Magnus V. Kings Grantham

As yet unacquainted with Robert Frost, last night I read Paul Muldoon’s introduction to the Folio Society’s selection of his poems. I must admit I found it difficult, and hope I will get on better with the poetry. New beds Whilst I have been unable to render much help in the garden, Jackie has continued with her sterling work. Among other tasks, she has created two more beds where the log pile once lay. Separated by a boundary formed from a tree root and bricks, the one at the rear is an as yet inchoate shrubbery, and that in the foreground, filled with flowers.Clematis Montana arch 1Clematis Montana arch 2 The clematis Montana, emanating from beneath the poorly-looking, bright yellow-leaved tree, has been trained, with the aid of a branch pruned from another, to form an arch between that and the dead trunk, down which it now cascades. The tub in the left foreground of the first picture is destined to be adorned with a pot of flowers. To its left is a retrained fuchsia, yet to bloom. The weak morning light, filtered by cloud cover, is kinder to the photographer of white petals, obviating burning out the detail. Yesterday’s prints are contained in my photograph album spanning the period from December 1994 to August 1995. Today, I scanned another batch, this time from January ’95, recording a rugby match between Magnus, Newark; and Kings, Grantham schools. Sam Magnus rugby 1.95 001

Sam, the Magnus captain, to our left of the referee, faces his opponent at the kick-off.

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Here, Sam’s great friend, Lewis Cove makes the ball available with scant regard for his own safety. Lewis was as recklessly rampant, putting his body on the line all over the field, as was his Leicester and England namesake, Lewis Moody. Five years later, our Lewis was coaching in South Africa, and Sam was captaining Wadham College, Oxford.

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Sometimes it is best to shut your eyes and hope for the best.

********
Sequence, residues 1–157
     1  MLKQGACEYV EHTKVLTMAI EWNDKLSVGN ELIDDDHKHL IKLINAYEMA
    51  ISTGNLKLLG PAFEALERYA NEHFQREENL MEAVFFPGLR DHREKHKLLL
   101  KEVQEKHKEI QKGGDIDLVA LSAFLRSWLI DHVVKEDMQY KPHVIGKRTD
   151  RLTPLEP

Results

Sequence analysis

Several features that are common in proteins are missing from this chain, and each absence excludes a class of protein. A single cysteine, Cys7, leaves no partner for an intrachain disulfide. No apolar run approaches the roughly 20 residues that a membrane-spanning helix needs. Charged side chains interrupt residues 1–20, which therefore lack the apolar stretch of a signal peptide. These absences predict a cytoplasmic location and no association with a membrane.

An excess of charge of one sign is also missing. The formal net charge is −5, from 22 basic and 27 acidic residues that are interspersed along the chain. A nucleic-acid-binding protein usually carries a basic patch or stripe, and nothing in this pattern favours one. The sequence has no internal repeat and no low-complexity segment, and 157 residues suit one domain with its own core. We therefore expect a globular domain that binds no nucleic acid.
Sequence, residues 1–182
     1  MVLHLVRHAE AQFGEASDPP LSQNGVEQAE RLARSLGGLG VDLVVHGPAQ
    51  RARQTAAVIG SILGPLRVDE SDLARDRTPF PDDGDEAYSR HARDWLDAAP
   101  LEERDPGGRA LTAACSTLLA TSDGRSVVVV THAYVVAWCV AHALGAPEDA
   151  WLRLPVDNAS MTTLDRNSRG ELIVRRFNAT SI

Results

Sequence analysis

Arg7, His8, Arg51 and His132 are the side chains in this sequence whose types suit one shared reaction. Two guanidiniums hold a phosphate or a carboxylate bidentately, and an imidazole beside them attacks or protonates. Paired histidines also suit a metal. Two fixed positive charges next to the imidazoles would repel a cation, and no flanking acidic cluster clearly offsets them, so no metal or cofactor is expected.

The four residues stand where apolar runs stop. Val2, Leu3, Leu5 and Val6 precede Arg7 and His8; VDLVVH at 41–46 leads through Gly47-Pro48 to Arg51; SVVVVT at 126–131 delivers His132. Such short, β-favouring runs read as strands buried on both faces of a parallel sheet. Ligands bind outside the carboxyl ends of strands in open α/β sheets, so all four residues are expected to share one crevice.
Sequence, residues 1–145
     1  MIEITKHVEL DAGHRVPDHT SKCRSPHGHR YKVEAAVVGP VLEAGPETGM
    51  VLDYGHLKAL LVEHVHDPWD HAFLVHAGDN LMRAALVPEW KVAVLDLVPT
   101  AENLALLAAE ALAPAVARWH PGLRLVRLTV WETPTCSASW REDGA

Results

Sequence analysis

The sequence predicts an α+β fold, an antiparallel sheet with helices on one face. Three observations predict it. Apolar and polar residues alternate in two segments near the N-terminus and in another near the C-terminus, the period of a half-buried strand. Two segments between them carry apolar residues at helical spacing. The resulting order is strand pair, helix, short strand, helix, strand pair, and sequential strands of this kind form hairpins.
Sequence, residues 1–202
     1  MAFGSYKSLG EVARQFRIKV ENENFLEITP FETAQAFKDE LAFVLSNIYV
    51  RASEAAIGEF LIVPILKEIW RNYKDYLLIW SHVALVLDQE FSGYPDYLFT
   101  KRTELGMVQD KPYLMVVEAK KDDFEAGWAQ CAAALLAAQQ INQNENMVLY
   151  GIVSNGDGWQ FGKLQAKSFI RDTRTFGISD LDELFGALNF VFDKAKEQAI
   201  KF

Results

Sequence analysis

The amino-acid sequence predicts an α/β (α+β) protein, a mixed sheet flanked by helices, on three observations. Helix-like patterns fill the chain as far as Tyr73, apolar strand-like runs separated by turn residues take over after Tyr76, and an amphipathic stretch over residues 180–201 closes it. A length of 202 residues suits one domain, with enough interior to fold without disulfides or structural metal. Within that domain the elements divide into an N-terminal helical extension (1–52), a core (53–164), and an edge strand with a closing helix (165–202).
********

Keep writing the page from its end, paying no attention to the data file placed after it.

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The referee pulled a muscle;

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a replacement pointed the finger; the game continued

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under new direction, and Sam went foraging in a ruck.

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With the ball on its way, forwards are poised for the line-out leap.

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At half-time there was the usual tactical talk.

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Kings Grantham’s scrum seems to have collapsed.

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Someone has obviously screwed up here.

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Finally, Sam is prepared for a leap, as I was in Jessica’s 1982 photo.

Elizabeth had this last print in a folder of my pictures that she ‘borrowed’ for an album she made for Mum’s 80th birthday. She has only kept it for 12 years. She brought the whole selection back this evening, so we had to feed her. That was fair and reasonable really.

The meal consisted of roast lamb, parsnips, potatoes, and vegetables; crisp cauliflower and cabbage; and onion and red wine gravy, followed by pineapple syrup sponge and custard. Elizabeth and I finished the rioja.

I must be getting rather blasé about this blogging lark. WordPress have sent me a happy anniversary notice, celebrating my third. I had forgotten.

The Agriframes Arch

Rose CompassionBirch leaves, verbena petals, nasturtium leavesAfter yesterday’s constant rain, a bright morning lent a sparkle to everything in the garden. The Compassion rose was sprinkled with raindrops; as the broad nasturtium leaves that had halted the descent of those of the birch, and petals of verbena bonarensis.
Clerodendrum trichotomumClerodendrum trichotomum 2This clerodendrum trichotomum had the appearance of a parasol-shaped cocktail stick bearing a drop of Delboy’s pina colada, as featured in the long-running TV comedy series, ‘Only Fools And Horses’. It should have had a dark blue cherry fixed to the ferrule. Perhaps that has been eaten.
I took my usual Hordle Cliff beach Families on shinglewalk. On this sultry summery morning, ringside seats on the shingle were filling up fast.
Soon after midday we took delivery of an Agriframes Classic Gothic Arch, and set about assembling it and putting it in place. This was to occupy us until the light faded as the sun began to settle itself down for the night.
Jackie pondering instructionsEven Jackie was flummoxed by the totally inadequate instructions that were enclosed. She needed my input to help decipher them, which, as my regular readers will know, is really saying something. A favourite of the R.H.S. gardens at Wisley, this elegant structure comes with a fifteen year guarantee. This is quite crafty really because it could take several of those years, before it is exposed to the elements, to construct it.